By Coble Gable
As 2020’s winter weather begins to make its stride here in the High Country, residents of Avery County have collectively taken to the task of helping out those in need by hosting a Winter Coat Drive on January 12th.
Avery County native Elizabeth Hempfling along with the High Country Charitable Foundation and Feeding Avery Families, are among those responsible for spearheading this idea, which has resulted in huge donation amounts from businesses and individuals alike. “Not only did we have individual donations from people who had purchased new items just to drop them off, but for example, we had the Leonard family from Ski Country Sports donate a whole bunch of brand new gloves from the shop, Footsloggers and the Miller family donated new items including jackets as well,” Hempfling commented.
“Then we had a surprise visitor, Marty Herndon, who sits on the board with the High Country Charitable Foundation who lives with his family in Hickory, and his son, Seth, showed up out of nowhere with a car load of about twenty-five coats. We’d even have random people popping into the winery to see what was going n, and lots of them gave a dollar donation or made physical donations of money which can go back into purchasing new items which is really awesome.” Hempfling discussed that so far, donations have amounted to “multiple car-loads” of clothes, which she takes from the winery to Feeding Avery Families where the clothes will be distributed. “And I would also mention that this is all just the beginning, the need is so great and this only hits a small percentage of all we need to do. Essentially it was just really beautiful to see the community come together.”
Hempfling is filled with stories of charity from a variety of donors, and wanted to thank the Banner Elk Winery and their owners, Richard Wolfe, Angelo Accetturo, and Pete and Michelle Gerukos, as well as staff such as Terri Mcnay and others for their hosting. “Having the winery and the owners with their support, they volunteered to let us have the space and their staff volunteered their time to help,” which helped to make the coat drive to happen in the first place. The drive also featured food, drinks, and music from Sam Fanthorpe, a local musician placed in Boone.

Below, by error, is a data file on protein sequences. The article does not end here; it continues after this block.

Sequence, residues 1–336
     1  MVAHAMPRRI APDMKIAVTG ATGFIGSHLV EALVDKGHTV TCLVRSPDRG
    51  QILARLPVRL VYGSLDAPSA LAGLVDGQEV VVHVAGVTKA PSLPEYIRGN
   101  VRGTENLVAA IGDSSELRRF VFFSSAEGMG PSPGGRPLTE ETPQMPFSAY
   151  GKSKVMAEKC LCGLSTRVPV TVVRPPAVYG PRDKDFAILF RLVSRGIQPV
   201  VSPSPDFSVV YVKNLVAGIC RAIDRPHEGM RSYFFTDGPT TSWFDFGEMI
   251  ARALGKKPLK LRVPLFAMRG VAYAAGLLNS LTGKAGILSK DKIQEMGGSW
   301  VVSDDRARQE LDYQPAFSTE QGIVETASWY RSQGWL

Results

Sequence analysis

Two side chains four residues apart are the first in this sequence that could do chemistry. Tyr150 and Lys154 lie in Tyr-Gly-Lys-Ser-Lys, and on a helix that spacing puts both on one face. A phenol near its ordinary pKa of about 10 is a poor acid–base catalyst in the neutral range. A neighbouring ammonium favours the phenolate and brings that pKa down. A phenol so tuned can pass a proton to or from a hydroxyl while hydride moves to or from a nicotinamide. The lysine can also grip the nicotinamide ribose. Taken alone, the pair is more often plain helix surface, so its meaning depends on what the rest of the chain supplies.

The process following the drive and making sure these items reach those who are most in need is handled by Feeding Avery Families. “And they know the people that come in and out of there,” Hempfling continued.
“They know them by name, so they know if like, little Jack needs a jacket since he came in last time in a t-shirt, so that’s the beauty of it too. Dick Larson and all the other folks are working hard on that, and are in charge once I pass it on to them to really give them to those in need. And having brand new items too, there’s nothing more inspiring or fulfilling than kids having a brand new coat or outfit to show off to their friends, and I think its empowering and uplifting to people not only on the level to keep them warm, but also inspire them and for them to know we’re here and we care or you, and everybody can do this together…This was a launch to really show the efforts of what my goals are, along with the High Country Charitable their mission as it has been since day one with Mr. Ward, to help others in need not only the animals of the community but the people, and to keep that alive, to keep people educated, and to keep that going in a sense where not only the counties on this side, but over into Avery where it’s a whole other territory. Because again, we all know we only have one hospitality house for seven counties, so its spread pretty thin for what everybody can do. But I think at the end of the day, just every bit helps.”
Hempfling also mentions the value of having warm winter clothes for living in regions like the High Country because, “There are homes that don’t have heat, it’s not just for walking around outside. We’re going into some of the coldest months of the year, so this is a really key time to put this into perspective and really look at the needs in our community and around us.”
Statistics provided by Dick Larson of Feeding Avery Families shows Avery County has approximately 18,000 residents with about 15% of the populous suffering from food insecurity. “That means that they make less than 180% of the poverty level ($24,288 a year for an individual),” said Larson. “We therefore have 2,700 people, of whom at least a quarter are children, who don’t have enough money to buy food. For the past to months Feeding Avery Families has provided food to 1,300 individuals each month, roughly half of those who qualify. People, who suffer from food insecurity, often suffer from transportation insecurity, housing insecurity and toxic stress as well. With this myriad of challenges many of them have no resources with which to purchase proper clothing for our winter environment. We frequently see people coming in for our winter food distributions wearing just shirts or light jackets.”
Hempfling added, “In my opinion every day in this world should be a holiday. We should treat those around us with that same mindset. That way every day is Thanksgiving and every evening is New Year’s Eve.”
Coats and clothing can still be dropped off at Elizabeth Hempfling’s business office at 703 West King St. and she also can contact directly for more information or donations> Her email is: [email protected] or by phone: 828-773-8431
To find out more about Feeding Avery Families and what you can do to help those in need during this winter season, visit http://www.feedingaveryfamilies.org/
or get in touch at: [email protected] or call 828-783-8506
Photos from Sunday’s event by Cynthia Viola
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